The Pirates Prospects 2012 Prospect Guide will be released later this week, featuring over 250 prospect reports, the 2012 top 50 prospects, a feature on the top four pitching prospects in the system, and the most comprehensive coverage of the Pirates’ farm system that you can find.  While the top 50 prospects are exclusive to the book, we will be releasing the top ten prospects over the next week.  Be sure to purchase your copy of the book on the products page of the site.

To recap the countdown so far:

10. Nick Kingham

9. Kyle McPherson

8. Stetson Allie

7. Tony Sanchez

We continue the countdown with the number six prospect, Robbie Grossman.

Robbie Grossman had a breakout season in 2011.

6. Robbie Grossman, OF

Grossman was one of the first big over-slot signings under the Pirates’ approach of pursuing prep players and buying them out of their commitments to college. For his first two years as a pro he was more of a project, struggling with his strikeout numbers and failing to put up any power. Things finally came together in 2011 for Grossman, with the Pirates seeing a major return on their $1 M investment.

Grossman had a breakout season in his second run through Bradenton, hitting for average, adding some power, and improving his plate patience in a big way. Grossman walked 104 times, which combined with his 127 runs made him the first minor league player to record 100 in each category since Nick Swisher in 2004. His 13 homers more than doubled his career totals coming in to the 2011 season. He also improved his hitting from the left side of the plate, which might have been the biggest factor to his success.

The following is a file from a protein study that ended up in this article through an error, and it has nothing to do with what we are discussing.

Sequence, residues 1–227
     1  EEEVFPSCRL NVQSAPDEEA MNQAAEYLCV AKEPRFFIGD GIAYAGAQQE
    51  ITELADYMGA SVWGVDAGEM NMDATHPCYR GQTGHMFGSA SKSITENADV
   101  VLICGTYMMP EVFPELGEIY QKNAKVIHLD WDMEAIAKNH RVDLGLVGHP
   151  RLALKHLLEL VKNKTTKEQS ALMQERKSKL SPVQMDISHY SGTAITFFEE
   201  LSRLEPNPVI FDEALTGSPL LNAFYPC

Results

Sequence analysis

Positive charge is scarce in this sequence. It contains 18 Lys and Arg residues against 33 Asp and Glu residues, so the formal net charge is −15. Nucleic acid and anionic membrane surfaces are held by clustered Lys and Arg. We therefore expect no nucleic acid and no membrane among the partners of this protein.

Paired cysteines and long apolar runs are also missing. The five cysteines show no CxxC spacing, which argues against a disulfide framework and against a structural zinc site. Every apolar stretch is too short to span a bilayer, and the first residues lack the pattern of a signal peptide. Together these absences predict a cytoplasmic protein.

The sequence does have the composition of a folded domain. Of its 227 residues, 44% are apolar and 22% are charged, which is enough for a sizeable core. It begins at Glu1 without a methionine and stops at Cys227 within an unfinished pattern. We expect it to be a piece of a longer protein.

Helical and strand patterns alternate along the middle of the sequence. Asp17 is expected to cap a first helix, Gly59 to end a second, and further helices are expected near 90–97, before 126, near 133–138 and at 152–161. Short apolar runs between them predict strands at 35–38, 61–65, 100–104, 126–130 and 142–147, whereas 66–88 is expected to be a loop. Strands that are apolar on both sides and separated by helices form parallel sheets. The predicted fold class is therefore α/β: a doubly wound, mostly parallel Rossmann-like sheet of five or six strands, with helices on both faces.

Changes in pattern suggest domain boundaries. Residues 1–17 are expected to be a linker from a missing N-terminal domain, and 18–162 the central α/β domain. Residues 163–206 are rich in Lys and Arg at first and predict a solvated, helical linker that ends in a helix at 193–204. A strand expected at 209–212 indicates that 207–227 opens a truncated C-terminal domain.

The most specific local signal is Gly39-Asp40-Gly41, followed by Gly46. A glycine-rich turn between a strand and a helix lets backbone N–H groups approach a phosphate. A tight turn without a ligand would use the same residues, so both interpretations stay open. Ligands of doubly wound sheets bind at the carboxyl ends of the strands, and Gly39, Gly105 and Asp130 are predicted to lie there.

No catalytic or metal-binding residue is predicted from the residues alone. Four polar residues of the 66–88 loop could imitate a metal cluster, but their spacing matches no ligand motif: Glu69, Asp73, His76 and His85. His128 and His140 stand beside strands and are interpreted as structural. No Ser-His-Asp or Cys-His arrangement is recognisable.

Since Grossman was repeating the high-A level, it’s hard to get a read on how good his numbers really were. He played in the Arizona Fall League during the off-season, and was one of the top hitters in the league, which was an encouraging sign that his 2011 production was legit. The downside was that Grossman fractured his hamate bone, an injury which can sap power for up to a year.

We started to see some of Grossman’s upside in 2011. He added some power, but he doesn’t profile as a guy who can hit more than 15-20 homers a year. Instead his power comes in the form of extra base hits. He has the ability to hit for average, and is excellent at getting on base. He has the speed to play center, but profiles best at a corner outfield spot, with left field being his ideal spot due to a below average arm. He will move up to Altoona in 2012 where he hopes to build on his 2011 breakout season.

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3 COMMENTS

  1. I don’t hold repeating a level against him. I don’t think that is uncommon and the Bucs could have promoted him to Altoona in 2011 but for some reason decided to keep him at Bradenton.  I don’t remember reasoning for that, but if he plays well at Altoona he could be promoted in 2012.

  2. I remember the buzz when we drafted him and have kept my eye on him since. His high walk rate is a great indicator already that he has good major league potential as a hitter.
    The power was bound to come, and it looks like it is now.
    As long as this guy just keeps that patient hitting style, he will continue to advance talent-wise and level-wise.
    That hamate bone thing though may rob him of some power this coming season until it is fully healed though, something we have seen happpen with many other hamate bone injuries in the past. It is usually the second season after the surgery when the hitter finally gets back to normal. He will need to guard against letting that change his plate approach in any way.

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